Gyms and Trainers in the New Year
First, I recognize that blogging once a year is a pot/kettle situation relative to my comments below.
Second, there is some sarcasm here and the rest is a little pointed. I recommend if you find yourself offended, stop reading.
It struck me this week that next week is the week that everyone shows up at the gym as part of their New Year's resolution to get in shape, lose weight, etc. As a regular gym-goer I'm always glad when we get past the first couple of weeks of January and 80% of the additional traffic subsides. My suggestion, if you're not going to make it out of January on the road to better health, don't bother with the gym membership - save some money and try something else (fad diet or something).
On that topic, let's talk about fad diets. Here's a question you need to ask yourself before you start any diet program: What happens when I reach my goal weight? The problem I see with most diets (fad or otherwise) is that they don't seem to do much in the way of changing behavior or teaching people how to avoid putting the weight back on. There are dozens of diets out there that will result in weight loss (if followed), but most aren't doing much to help people live a healthier life (minus that 20 pounds) when they are done dieting. Remember, a diet is a means to an end. Fad diets are particularly bad because they focus on getting people to do things they would never do normally in order to get rid of the weight rather than teaching them better habits in the first place.
Back to gym issues. If part of your resolution includes hiring a trainer let me save you some money and frustration. A few important rules in trainer selection:
1. If the trainer you're about to hire doesn't look the way you want to when you're done, don't hire them. Sorry, that's a little rough. If you are hiring an opposite gender trainer this would apply differently. The point is that if the person you're about to hire is either overweight or a current body-builder they probably aren't the right person if you're goals don't include either of those things.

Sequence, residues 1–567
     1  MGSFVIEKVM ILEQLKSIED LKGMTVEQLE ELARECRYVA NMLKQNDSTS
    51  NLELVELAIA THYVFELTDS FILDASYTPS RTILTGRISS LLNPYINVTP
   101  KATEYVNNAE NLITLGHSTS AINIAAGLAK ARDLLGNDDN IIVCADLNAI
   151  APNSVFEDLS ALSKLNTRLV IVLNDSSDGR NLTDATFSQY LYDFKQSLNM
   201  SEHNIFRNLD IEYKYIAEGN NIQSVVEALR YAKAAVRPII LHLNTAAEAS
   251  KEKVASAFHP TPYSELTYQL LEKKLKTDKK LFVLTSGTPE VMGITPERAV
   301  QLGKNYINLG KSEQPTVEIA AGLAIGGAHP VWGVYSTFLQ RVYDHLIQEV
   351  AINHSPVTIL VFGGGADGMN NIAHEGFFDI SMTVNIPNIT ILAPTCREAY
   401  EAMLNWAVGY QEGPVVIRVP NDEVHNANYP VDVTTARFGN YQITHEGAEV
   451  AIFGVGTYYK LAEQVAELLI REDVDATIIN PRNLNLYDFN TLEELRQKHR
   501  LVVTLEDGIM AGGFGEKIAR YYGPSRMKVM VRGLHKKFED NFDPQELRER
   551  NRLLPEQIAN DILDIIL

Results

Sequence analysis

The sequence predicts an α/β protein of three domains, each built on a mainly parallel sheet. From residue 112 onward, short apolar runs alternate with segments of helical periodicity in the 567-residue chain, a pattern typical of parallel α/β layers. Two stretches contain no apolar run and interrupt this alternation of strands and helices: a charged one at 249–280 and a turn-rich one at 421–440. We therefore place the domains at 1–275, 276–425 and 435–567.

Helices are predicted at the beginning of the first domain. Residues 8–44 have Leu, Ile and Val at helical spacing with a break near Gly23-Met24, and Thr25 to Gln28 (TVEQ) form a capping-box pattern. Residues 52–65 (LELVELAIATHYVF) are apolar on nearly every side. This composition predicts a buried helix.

2. If your trainer spends time on the phone during your sessions, shows up late, leaves early, juggles other clients (if that isn't part of the agreed up on arrangement), FIRE them and find someone else.
3. If you tell the trainer your goal is to get in shape and/or lose weight and all they have you doing is strength-training, FIRE them. If those are your goals, in order to be successful you need to be spending about 75% of your time doing cardio of some sort. That's not to say you'll spend that much of your sessions doing that. It does mean that needs to be what they are teaching you as an overall approach along with teaching you how to eat better and avoid un-doing the good you're doing at the gym. Watch The Biggest Loser, notice that the strength-training they do is almost entirely done as a circuit drill - which is really cardio in disguise. To lose weight you have to get your heart rate up and keep it elevated for extended (30+ minutes) periods. It's important to do weight bearing exercise (strength-training) as part of your program, but doing a set and sitting and chatting for 2 minutes isn't going to help you reach your goals.
4. If you are serious about hiring a trainer and I can't talk you out of it, there's only one I'll recommend to you by name upon request. But fair warning, this guy doesn't mess around and he is a Marine.
That's it. That's the sum total of all I'll say for a very long time on this topic. I'm not a trainer. I don't use a trainer. I don't regularly give diet and exercise advise. And I don't do group workouts - got sick of waiting on people and no-shows. So take all this for what it is worth.